Rapid thinning of Pine Island Glacier in the early Holocene

Pine Island Glacier, a major outlet of the West Antarctic Ice Sheet, has been undergoing rapid thinning and retreat for the past two decades. Here we demonstrate, using glacial-geological and geochronological data, that Pine Island Glacier also experienced rapid thinning during the early Holocene, around 8,000 years ago. Cosmogenic 10Be concentrations in glacially-transported rocks show that this thinning was sustained for decades to centuries at an average rate of more than 100 cm yr−1, comparable to contemporary thinning rates. The most likely mechanism was a reduction in ice shelf buttressing. Our findings reveal that Pine Island Glacier has experienced rapid thinning at least once in the past, and that, once set in motion, rapid ice sheet changes in this region can persist for centuries.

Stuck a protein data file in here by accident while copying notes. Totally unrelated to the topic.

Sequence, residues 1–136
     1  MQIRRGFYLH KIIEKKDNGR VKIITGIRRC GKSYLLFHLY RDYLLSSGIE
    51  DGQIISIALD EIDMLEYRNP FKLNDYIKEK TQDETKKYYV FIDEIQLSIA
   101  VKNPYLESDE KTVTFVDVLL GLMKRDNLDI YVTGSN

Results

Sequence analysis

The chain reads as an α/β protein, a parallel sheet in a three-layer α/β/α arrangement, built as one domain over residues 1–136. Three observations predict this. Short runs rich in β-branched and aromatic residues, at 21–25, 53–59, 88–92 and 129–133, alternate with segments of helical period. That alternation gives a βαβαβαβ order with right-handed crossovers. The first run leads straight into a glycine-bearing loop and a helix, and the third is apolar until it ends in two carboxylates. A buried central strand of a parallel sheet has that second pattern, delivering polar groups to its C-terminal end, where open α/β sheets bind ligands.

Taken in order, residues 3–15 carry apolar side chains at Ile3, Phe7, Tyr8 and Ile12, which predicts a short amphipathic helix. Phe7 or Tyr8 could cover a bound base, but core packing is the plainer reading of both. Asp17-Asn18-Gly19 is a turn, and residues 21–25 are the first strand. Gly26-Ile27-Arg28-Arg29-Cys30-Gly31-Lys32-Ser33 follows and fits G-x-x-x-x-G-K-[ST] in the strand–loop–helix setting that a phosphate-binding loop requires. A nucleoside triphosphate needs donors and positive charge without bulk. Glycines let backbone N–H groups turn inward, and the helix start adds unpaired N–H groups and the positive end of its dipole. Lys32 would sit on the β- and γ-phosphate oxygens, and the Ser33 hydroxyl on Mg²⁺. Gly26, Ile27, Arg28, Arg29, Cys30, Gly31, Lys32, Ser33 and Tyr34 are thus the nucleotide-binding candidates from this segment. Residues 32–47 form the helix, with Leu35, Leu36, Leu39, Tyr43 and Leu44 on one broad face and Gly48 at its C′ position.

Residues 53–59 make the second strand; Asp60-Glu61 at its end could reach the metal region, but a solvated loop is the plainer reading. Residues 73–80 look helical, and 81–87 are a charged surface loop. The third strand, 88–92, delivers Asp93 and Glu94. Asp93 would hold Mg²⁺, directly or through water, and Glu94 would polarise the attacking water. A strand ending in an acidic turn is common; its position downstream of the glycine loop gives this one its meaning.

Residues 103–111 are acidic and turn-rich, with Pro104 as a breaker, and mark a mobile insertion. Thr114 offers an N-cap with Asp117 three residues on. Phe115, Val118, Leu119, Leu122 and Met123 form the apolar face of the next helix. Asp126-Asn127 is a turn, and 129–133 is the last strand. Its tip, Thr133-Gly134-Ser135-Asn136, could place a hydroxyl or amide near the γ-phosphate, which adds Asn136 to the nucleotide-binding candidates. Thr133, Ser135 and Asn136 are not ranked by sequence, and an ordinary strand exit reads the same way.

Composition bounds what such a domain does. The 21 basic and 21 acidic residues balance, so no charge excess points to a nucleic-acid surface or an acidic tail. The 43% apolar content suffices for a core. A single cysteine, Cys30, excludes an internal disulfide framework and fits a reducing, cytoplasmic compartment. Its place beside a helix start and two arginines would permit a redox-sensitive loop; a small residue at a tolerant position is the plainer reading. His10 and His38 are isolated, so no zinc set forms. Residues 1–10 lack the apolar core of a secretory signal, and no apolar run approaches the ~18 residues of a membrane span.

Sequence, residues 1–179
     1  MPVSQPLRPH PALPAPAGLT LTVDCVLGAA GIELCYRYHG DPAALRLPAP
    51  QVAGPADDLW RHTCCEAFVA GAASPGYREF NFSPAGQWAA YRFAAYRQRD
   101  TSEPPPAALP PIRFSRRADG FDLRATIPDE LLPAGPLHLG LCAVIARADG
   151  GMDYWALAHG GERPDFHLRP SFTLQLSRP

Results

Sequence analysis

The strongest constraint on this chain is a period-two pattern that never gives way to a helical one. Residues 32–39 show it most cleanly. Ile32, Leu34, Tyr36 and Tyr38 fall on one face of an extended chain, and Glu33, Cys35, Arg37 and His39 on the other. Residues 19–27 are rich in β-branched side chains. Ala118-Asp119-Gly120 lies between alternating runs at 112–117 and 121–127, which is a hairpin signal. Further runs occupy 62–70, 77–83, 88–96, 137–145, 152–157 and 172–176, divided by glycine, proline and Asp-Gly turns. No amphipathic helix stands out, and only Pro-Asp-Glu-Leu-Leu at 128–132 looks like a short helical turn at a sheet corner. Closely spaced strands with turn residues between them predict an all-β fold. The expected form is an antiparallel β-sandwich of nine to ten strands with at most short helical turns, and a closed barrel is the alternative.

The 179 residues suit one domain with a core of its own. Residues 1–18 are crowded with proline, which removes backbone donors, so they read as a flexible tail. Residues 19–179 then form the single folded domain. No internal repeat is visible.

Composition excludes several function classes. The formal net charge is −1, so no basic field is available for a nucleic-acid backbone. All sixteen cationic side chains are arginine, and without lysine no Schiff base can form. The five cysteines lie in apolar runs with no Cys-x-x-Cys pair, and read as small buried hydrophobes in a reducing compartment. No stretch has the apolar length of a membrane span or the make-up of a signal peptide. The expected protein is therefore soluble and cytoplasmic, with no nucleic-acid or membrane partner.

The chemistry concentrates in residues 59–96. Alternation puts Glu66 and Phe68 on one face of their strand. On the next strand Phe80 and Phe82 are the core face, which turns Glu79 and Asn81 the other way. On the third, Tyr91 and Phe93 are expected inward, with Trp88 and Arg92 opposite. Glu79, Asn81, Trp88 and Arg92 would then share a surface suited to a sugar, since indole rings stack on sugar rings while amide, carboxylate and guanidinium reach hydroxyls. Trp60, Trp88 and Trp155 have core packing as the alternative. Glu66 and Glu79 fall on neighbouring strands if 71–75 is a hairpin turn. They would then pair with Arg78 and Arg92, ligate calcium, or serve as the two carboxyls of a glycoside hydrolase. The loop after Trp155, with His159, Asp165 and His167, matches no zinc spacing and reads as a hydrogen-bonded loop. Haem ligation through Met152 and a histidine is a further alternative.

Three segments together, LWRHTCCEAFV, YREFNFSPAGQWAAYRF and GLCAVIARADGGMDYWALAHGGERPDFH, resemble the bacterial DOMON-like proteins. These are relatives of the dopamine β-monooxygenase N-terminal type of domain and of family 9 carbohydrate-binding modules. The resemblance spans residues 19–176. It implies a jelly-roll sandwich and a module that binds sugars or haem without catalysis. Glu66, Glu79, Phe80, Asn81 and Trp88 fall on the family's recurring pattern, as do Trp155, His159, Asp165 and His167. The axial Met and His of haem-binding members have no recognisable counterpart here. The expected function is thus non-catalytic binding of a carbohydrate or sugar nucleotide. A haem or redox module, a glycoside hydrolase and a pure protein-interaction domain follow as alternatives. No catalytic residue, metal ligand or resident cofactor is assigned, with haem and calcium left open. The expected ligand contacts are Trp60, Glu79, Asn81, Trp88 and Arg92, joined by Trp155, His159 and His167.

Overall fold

Publication status:
Authors: Johnson, J.S. ORCIDORCID record for J.S. Johnson, Bentley, M.J., Smith, J.A. ORCIDORCID record for J.A. Smith, Finkel, R.C., Rood, D.H., Gohl, H., Balco, G., Larter, R.D. ORCIDORCID record for R.D. Larter, Schaefer, J.M.

On this site: James Smith, Joanne Johnson, Robert Larter
21 February, 2014
Science / 343
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